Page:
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No joke, Gmail is 20 and we’re probably better for it


Gmail, the email service that almost started out as a joke but rose to become a dominant player in the space, is exactly 20 years old on April 1.

It is for most of us, as hard to imagine a world without Gmail as it is for us to search without Google. But Gmail was a latecomer to the email game, arriving decades after we started using computers to deliver electronic messages to third-party providers who would, like the old-school post office, sort and send them along to their proper digital destination. It was well after MSMail and ccMail but early enough that we still demanded a hyphen between “e” and “mail.”

Ever the cheeky upstart (despite by then being the most-used search engine), Google launched Gmail on April Fool’s Day to mostly widespread confusion. At PCMag, where I worked at the time, we admitted that “Google’s release included language which sounded like a ruse” and no one was quite sure if the search giant was serious about entering the crowded email space. Part of that had to do with the quite limited availability of the platform.

Google was among the first Internet companies to offer invite-only access to a new service. It was a brilliant bit of marketing but also had a more practical purpose. Google had struggled to launch Gmail and was still learning when it moved into public beta. Open access would’ve overwhelmed the system, forcing untold crashes, possibly un-delivered mail, and probably made it almost impossible to learn about what people wanted, needed, and used most often in the IMAP mail platform (there was no POP3 support at launch).

Welcome to the party, pal

On April 22, 2004, almost four weeks after the launch, I got access. I still have the welcome message, that told me I was “one of the very first people to use Gmail,” and thanked me for “agreeing to test Gmail.” The email described some of the key differences, like “searching instead of filing.” Gmail didn’t use folders, a time-honored way of organizing email, and instead focused on labels and conversations. To this day, the concept of folders in Gmail is foreign and I’m not sure I have ever loved the more amorphous “labels”.

It had some advanced features like filters and address autocomplete. And, of course, it came with 1GB of storage, an amount unheard of at the time for a free email service, which now seems woefully inadequate. Google’s pitch at the time was that we could stop wasting time deleting emails and save everything. I think I over-committed to this concept.

While Gmail didn’t have pop-up or banner ads (thank God), there were text-based ads in a column to the right (Gmail ads now mostly live under the “Promotions” tab). This turned out to be Gmail’s most controversial “innovation”. To provide contextual ads, Google would have to “read” the contents of your email. That sounded like an insane privacy violation, and I wrote about the concern right before I gained access. I reminded readers that computers, at least back then, didn’t really “read” anything. They had neither the eyes nor the consciousness to understand the context. Google was, of course, already anonymizing the data and delivering contextual ads without delivering your private bits to third parties. I also noted that, without those ads, we might not get all that, at the time, free storage. It’s worth noting that those early concerns did nothing to hinder Gmail’s growth.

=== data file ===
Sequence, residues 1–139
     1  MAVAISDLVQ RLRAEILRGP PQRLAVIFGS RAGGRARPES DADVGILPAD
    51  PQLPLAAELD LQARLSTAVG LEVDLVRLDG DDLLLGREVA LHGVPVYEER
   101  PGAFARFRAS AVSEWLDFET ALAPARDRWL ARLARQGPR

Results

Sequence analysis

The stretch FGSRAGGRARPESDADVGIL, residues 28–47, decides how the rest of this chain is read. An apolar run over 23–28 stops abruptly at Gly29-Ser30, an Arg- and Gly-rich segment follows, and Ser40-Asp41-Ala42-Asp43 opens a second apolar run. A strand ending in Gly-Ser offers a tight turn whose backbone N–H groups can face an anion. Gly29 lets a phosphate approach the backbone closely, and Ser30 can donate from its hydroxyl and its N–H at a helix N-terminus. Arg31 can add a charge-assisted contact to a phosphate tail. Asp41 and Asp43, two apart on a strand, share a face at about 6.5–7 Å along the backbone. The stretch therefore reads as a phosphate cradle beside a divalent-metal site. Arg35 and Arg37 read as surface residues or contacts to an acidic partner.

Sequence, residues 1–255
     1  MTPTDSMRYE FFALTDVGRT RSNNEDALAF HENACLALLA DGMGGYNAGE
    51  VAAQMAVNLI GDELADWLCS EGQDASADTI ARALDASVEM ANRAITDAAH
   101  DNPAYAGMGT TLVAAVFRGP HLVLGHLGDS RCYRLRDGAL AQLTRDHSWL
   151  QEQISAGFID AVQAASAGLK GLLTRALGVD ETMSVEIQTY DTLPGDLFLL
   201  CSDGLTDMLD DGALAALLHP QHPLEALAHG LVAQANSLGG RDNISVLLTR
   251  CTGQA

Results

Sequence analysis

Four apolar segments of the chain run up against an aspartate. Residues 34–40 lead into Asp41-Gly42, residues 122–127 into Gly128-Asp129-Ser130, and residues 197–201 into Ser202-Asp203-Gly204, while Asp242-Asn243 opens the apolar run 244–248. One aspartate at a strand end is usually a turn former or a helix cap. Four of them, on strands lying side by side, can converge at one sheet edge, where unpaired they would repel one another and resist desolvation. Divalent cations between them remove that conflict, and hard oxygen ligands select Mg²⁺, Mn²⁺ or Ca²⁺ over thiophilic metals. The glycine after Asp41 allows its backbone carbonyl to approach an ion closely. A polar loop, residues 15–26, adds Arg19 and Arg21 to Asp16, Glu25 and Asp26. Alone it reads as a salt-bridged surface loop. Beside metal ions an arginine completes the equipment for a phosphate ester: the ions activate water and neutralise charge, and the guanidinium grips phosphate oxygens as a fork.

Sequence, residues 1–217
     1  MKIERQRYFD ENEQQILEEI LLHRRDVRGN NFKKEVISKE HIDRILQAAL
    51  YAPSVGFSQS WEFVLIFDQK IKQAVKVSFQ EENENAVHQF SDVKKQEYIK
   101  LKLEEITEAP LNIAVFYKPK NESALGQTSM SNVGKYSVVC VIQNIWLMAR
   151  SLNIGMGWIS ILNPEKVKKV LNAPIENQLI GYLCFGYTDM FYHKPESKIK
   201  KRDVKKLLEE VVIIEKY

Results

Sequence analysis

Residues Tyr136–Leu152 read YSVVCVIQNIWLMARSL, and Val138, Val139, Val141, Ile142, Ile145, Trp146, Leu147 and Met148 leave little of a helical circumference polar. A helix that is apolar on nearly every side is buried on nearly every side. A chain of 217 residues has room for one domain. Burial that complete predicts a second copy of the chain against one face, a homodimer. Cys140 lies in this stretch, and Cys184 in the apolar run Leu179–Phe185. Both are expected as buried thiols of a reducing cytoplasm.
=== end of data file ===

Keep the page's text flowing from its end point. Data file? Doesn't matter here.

Along with access to Gmail came some invites that I could dole out. They arrived in small bunches, and I would give them to co-workers, colleagues, and friends. Some people who knew I had a Gmail account sent me emails and AOL messages pleading for access. Whenever I gave someone access, Gmail would notify me of when they signed up and created their new Gmail address “so we could stay in touch with Gmail!” While not a social network, Google was aware of the inherently social nature of email. Keeping newbies connected was how it built that network and generated just enough FOMO to keep the service growing.

All the information

Google took a risk when it launched Gmail, and it knew it. In the original FAQ, Google had to explain why a Search company would launch an email service:

“Why is Google offering email? I thought you were a search company.

Google’s mission is to organize the world’s information and make it universally useful and accessible. For many people, email contains valuable information that can be difficult to retrieve. We believe we can help with that.”

It was further evidence that Google’s strategic aim was never just about search results, it was about information, yours, mine, and everyone else’s. Google wanted to organize the world’s information no matter the form, from search results, to mail, to video and images, and location. That quest never stops and not everyone is happy about it.

Even so, it’s worth celebrating Gmail, an online service that entered an entrenched market and ultimately remade it in its image. It never was and will likely never be a joke.

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